• 13. as an essential sustainability factor, while shared approaches between DIPECHO partners should not be neglected. Synthesis of inputs from partners’ meeting: Persons with disability are of the most vulnerable groups; because of the discrimination and stigma attached to the disability but also because they also face, as other members of the community, gender, caste and age issues. for example, women with disabilities are more vulnerable to GBV. WHO records for Nepal shows that 10% of the Nepali population has a disability; if we count that a family is composed of 5 members, that means that 50% of the Nepali population are concerned about the warning, life-saving and the rescue of persons with disabilities. The needs of the most vulnerable segments of the communities should be addressed under all components of the project cycle without discrimination. Inclusiveness means accountability, impartiality and efficiency Early Warning Systems will only be effective if the systems ensure warning is made accessible to everyone in the community. The legal framework for inclusion of persons with disabilities in DRR is set in a long line of conventions, strategies and declarations (UNCRPD, NSDRM, Dhulikhel declaration, etc)– thus projects has to have an inclusive approach - inclusion it is not a choice, but a must. Several of the HFA priorities highlight inclusiveness There are Examples from DIPECHO partners working in Nepal that we can build on: : Action Aid – accessible water points; Danish RC- stockpiling of assistive devices; Care- Disability-inclusive awareness ; Oxfam- inclusive mock drills, evacuation plans, IEC materials; Mercy Corps- inclusive search and rescue and evacuation; Mission-East- promoting the inclusion of gender, caste and disability issues into the Monsoon disaster preparedness plans; Practical Action – distribution of assistive devices for participation into preparedness activities. Also UNDP, NSET have been working on combining disaster safety and accessibility.  Gender Inclusiveness & Gender Based Violence Gender related issues are traditionally considered under mainstreaming and most DIPECHO partners do focus, to some extent, on these issues. However, given the important prevalence of gender related abuses of all sorts in Nepal, it is deemed necessary to go further to the sole “mainstreaming”. Indeed, while diverse projects across Nepal focus on gender, the specific issues of gender inclusiveness and gender based violence in natural disaster situations remain relatively unexplored in Nepal. Thus there is great room for productive partnerships between DIPECHO partners and gender focused stakeholders (including women’s organizations), whether local, national or international. In addition, the current ECHO funded UNFPA’s capacity building project on gender based violence should allow greater support to DIPECHO partners by the time Actions are initiated.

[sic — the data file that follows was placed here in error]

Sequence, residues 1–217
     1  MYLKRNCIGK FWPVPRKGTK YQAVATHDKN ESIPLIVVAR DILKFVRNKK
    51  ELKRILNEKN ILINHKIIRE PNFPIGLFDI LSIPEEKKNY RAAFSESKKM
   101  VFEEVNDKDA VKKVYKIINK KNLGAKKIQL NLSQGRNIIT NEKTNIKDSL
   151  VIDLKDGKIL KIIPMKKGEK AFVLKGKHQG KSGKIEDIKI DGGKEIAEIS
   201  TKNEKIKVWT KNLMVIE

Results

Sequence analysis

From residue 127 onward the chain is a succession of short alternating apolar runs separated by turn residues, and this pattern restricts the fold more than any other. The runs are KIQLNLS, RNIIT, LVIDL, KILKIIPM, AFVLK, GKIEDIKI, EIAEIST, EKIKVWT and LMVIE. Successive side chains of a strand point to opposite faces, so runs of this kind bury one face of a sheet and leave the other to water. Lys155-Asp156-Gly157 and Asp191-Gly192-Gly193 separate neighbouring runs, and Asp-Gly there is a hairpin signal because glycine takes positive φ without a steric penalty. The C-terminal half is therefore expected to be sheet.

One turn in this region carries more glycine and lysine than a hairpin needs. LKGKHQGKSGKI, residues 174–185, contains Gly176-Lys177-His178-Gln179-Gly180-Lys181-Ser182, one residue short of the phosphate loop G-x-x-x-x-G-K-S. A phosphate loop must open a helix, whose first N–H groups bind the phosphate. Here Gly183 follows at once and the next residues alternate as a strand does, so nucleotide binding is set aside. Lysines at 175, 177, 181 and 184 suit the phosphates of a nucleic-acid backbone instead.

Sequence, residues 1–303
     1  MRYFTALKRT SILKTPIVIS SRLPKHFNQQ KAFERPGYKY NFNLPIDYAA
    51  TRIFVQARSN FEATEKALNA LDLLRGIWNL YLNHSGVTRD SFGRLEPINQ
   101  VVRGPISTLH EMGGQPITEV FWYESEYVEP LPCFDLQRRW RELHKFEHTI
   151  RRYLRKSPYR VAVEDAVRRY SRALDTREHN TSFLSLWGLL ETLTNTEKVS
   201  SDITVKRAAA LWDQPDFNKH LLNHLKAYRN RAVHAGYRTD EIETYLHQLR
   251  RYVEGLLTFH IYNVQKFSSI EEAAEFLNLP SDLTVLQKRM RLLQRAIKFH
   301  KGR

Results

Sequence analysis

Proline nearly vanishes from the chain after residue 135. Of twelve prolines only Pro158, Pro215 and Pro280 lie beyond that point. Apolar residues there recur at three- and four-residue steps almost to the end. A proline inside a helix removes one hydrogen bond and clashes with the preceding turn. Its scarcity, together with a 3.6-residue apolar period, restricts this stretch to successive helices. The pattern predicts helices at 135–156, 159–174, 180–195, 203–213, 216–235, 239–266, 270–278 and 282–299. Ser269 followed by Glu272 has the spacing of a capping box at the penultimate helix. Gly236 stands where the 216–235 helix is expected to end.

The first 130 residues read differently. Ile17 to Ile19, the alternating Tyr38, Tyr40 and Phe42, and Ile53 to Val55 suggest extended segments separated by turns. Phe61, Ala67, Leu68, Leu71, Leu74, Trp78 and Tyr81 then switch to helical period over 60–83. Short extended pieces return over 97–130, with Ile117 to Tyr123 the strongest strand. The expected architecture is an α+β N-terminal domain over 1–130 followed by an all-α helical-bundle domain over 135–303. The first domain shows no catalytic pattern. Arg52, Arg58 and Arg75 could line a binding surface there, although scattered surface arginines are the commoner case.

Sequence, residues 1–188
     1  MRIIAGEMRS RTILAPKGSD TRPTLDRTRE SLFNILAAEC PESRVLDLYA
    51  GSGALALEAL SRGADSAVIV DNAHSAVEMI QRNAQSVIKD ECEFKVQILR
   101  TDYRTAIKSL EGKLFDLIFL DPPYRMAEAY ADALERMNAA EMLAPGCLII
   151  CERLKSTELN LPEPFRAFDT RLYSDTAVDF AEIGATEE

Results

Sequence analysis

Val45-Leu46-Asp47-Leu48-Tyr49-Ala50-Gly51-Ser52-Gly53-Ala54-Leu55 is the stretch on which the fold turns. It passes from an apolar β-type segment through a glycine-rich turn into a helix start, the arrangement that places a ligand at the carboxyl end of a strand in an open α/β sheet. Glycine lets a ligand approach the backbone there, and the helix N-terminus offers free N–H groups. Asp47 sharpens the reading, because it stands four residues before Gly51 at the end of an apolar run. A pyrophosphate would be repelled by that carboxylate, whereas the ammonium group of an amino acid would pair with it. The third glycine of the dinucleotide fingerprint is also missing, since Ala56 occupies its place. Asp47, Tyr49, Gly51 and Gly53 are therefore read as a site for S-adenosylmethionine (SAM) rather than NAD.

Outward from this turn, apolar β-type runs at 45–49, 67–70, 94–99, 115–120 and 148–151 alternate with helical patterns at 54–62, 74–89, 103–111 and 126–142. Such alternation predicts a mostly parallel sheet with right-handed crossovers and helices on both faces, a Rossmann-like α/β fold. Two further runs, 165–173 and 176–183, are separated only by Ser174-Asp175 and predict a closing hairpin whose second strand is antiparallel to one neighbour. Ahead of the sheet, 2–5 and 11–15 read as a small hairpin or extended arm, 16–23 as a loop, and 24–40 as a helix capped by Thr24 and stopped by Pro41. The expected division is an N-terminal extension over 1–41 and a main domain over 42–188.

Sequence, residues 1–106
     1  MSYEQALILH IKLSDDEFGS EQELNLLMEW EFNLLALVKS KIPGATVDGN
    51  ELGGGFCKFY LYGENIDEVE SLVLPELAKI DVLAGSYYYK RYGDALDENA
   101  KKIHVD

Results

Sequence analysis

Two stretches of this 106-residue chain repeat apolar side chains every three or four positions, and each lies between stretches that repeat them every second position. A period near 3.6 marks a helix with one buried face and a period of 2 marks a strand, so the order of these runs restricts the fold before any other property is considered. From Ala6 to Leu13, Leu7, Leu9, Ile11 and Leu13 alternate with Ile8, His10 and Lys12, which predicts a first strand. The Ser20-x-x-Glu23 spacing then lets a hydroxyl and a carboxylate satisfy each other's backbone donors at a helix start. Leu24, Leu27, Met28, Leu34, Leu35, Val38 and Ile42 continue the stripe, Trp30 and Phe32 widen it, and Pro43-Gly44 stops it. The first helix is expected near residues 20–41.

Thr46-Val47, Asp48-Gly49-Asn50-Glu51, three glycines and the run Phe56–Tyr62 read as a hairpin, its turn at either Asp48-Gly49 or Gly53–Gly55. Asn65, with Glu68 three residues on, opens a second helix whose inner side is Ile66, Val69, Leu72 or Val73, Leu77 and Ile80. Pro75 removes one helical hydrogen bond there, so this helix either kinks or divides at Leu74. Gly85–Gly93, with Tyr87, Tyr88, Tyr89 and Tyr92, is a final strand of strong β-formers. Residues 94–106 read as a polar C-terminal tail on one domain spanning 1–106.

• 14. Gender related components of the proposed actions should not remain general or vague. To the contrary, effectiveness of the actions in that regard should be demonstrated through specific (SMART) indicators in the logical framework. Synthesis of inputs from partners’ meeting: Gender based violence (GBV) is defined as any act that is perpetrated against a person's will Men and women's experiences should be included for all aspects of planning and implementation Selected approaches should ensure that men and women are equally involved. It is not enough just to ensure that women are represented in the various committees, they should have equal say and possibilities for expressing their views and bring their special needs forward. Reasons for addressing SGBV Vulnerability increases violence SGBV is life threatening Negative consequences at all levels Effective response to SGBV prevent further violence How to address mainstreaming and GBV Ensure meaningful participation of women in programming and decision making. Raise awareness and build capacity (of teams and local stakeholders). Obtain gender disaggregated data (to build clear indicators for LFA and M&E). Ensure context analysis of specific vulnerabilities. Ensure multi-sector (health, protection, response, legal framework) SGBV response and prevention. A large panel of key tools & guidelines are available (to be requested to UNFPA or ECHO). A number of local & international NGOs have a strong field presence / expertise and are willing to share it: DIPECHO partners should use it!  Disadvantaged Groups “Disadvantaged groups” is a very wide and vague concept. However it aims at highlighting the fact that all, in a given community, may not be benefiting in the same way, or to the same extent, of an action implemented for all. A number of factors can explain this fact, depending on the context of implementation, including gender, cast, religion, physical status, age, political affiliation… However, great attention must be given to equal involvement of all community members in projects to guaranty equal access to benefits of the projects once disasters occur. A group of people can be disadvantaged in many different manners, including with regard to participation to a humanitarian project. Discrimination is a field reality, possibly including DIPECHO projects. DIPECHO partners must ensure that this does not happen by questioning this potential